|Group:||Group II (ssDNA)|
The Parvoviridae family includes the smallest known viruses, and some of the most environmentally resistant. They were discovered during the 1960s and affect vertebrates and insects. Parvoviridae have a genome consisting of single-stranded DNA and an icosahedral capsid. It is non-enveloped.
Parvovirus B19 was the first human parvovirus to be discovered and is best known for causing a childhood exanthem called "fifth disease" (erythema infectiosum), although it is also associated with other diseases including arthritis.
Parvovirus RA-1 had originally also been associated with rheumatoid arthritis, but this is now thought to have been an error due to laboratory contamination.
The viruses in this family are small (18-26 nanometers in diameter) and non enveloped. The viron is isosahedral with triangulation number (T) = 1. There are 60 copies of the coat protein in the viron.
The genome is 4-6 kilobases in length and usually encodes two open reading frames. The 5' open reading frame encodes two nonstructural proteins (NS-1 and NS-2) and the 3' open reading frame encodes two or three capsid proteins (VP1, VP2, VP3). Both the 5' and 3' termini have hairpin loops. In the genus Bocavirus there is a third open reading frame between the non structural and structural open reading frames.
The NS-1 protein has a superfamily 3 DNA helicase motif. These motifs are common in DNA viruses. The proteins that contain these motifs bind to the origin of replication and unwind the viral genome allowing access by the host's proteins to the viral genome for replication and transcription.
The genome is replicated by a unique rolling hairpin mechanism.
Members of the Amdovirus and Parvovirus genera both possess a small open reading frame (ORF) within the major coat protein (VP2) gene. The function of this gene (SAT) is not known.
A Protein X, predicted to contain two transmembrane helices, is found in all members of the Erythrovirus genus.
A large genus specific ORF can be found to overlap the coat protein ORF of all members of the Dependovirus genus.
The family is divided into two subfamilies - Parvovirinae - which infect vertebrates and - Densovirinae - which infect invertebrates. Each subfamily has been subdivided into several genera. The classification of the subfamily Parvovirinae may need revision.1 The Amdovirus and Parvovirus genera are probably more closely related to one another than to the other genera in this family.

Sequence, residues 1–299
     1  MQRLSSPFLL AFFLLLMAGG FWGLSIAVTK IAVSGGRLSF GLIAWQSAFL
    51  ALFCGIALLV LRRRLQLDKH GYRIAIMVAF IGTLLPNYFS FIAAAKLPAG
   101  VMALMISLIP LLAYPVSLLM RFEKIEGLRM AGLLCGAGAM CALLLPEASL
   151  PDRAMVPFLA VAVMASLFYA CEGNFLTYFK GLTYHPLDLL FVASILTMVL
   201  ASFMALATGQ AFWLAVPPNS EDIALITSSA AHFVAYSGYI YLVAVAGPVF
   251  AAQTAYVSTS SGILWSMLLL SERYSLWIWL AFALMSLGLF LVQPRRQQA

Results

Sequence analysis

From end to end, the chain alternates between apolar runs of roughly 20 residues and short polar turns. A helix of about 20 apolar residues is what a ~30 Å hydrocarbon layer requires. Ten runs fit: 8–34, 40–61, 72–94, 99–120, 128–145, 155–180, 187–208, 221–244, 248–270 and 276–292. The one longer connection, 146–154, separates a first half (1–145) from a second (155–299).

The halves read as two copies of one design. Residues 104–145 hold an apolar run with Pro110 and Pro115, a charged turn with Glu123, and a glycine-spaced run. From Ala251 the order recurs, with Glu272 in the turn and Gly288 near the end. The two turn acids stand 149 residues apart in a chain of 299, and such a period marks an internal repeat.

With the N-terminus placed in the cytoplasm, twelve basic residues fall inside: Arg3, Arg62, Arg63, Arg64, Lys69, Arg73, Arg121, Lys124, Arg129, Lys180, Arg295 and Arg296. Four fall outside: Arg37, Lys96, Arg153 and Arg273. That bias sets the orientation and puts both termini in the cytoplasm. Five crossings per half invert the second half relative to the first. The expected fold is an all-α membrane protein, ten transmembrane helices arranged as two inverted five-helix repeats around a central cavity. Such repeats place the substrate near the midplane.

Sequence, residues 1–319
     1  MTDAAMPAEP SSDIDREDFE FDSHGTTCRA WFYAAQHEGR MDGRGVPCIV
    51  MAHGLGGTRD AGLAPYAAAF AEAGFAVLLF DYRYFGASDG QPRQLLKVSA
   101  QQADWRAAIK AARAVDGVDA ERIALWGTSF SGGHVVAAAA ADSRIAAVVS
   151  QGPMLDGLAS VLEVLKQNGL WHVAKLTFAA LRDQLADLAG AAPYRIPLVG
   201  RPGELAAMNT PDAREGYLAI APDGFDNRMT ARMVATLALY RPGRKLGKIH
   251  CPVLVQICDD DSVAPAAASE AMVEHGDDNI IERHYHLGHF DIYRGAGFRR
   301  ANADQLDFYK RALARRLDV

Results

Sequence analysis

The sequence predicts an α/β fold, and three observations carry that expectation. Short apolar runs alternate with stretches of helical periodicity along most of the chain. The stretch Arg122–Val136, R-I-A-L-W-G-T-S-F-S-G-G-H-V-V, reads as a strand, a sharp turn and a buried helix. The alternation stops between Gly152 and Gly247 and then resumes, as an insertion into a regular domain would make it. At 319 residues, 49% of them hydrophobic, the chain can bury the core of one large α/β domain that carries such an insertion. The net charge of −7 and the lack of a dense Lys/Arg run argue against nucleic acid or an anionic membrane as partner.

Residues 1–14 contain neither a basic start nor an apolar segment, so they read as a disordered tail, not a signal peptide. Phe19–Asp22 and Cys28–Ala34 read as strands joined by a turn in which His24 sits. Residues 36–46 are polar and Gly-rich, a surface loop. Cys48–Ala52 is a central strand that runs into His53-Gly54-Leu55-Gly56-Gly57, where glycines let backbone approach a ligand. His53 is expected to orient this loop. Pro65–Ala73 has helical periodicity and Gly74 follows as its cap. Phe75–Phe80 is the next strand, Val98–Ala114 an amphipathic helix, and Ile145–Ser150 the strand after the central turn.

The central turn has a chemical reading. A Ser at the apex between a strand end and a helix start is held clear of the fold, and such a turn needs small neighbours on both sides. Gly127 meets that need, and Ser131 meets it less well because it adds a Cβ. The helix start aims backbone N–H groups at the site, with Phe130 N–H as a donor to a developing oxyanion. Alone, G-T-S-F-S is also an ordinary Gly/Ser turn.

- Genus Brevidensovirus; type species: Aedes aegypti densovirus
- Genus Contravirus3
- Genus Densovirus; type species: Junonia coenia densovirus
- Genus Iteravirus; type species: Bombyx mori densovirus
- Genus Pefudensovirus; type species: Periplanta fuliginosa densovirus
- Genus Amdovirus; type species: Aleutian mink disease virus
- Genus Bocavirus; type species: Bovine parvovirus
- Genus Dependovirus; type species: Adeno-associated virus 2
- Genus Erythrovirus; type species: B19 virus
- Genus Partetravirus;45
- Genus Parvovirus; type species: Murine minute virus
- Lukashov VV, Goudsmit J (2001) Evolutionary relationships among parvoviruses: virus-host coevolution among autonomous primate parvoviruses and links between adeno-associated and avian parvoviruses. J Virol 75: 2729–2740
- Chen Z, Chen AY, Cheng F, Qiu J (2010) Chipmunk parvovirus is distinct from members in the genus Erythrovirus of the family Parvoviridae. PLoS ONE 5(12):e15113.
- Wang F, Wei Y, Zhu C, Huang X, Xu Y, Yu L, Yu X (2010) Novel parvovirus sublineage in the family of Parvoviridae. Virus Genes 41(2):305-308
- Lau SK, Woo PC, Tse H, Fu CT, Au WK, Chen XC, Tsoi HW, Tsang TH, Chan JS, Tsang DN, Li KS, Tse CW, Ng TK, Tsang OT, Zheng BJ, Tam S, Chan KH, Zhou B, Yuen KY (2009) Identification of novel porcine and bovine parvoviruses closely related to human parvovirus 4. J Gen Virol 89(8):1840-1848
- Tse H, Tsoi HW, Teng JL, Chen XC, Liu H, Zhou B, Zheng BJ, Woo PC, Lau SK, Yuen KY (2011) Discovery and genomic characterization of a novel ovine partetravirus and a new genotype of bovine partetravirus. PLoS ONE. 2011;6(9):e25619.
- Phan TG, Vo NP, Boros A, Pankovics P, Reuter G, Li OT, Wang C, Deng X, Poon LL, Delwart E (2013) The viruses of wild pigeon droppings. PLoS One 8(9):e72787. doi: 10.1371/journal.pone.0072787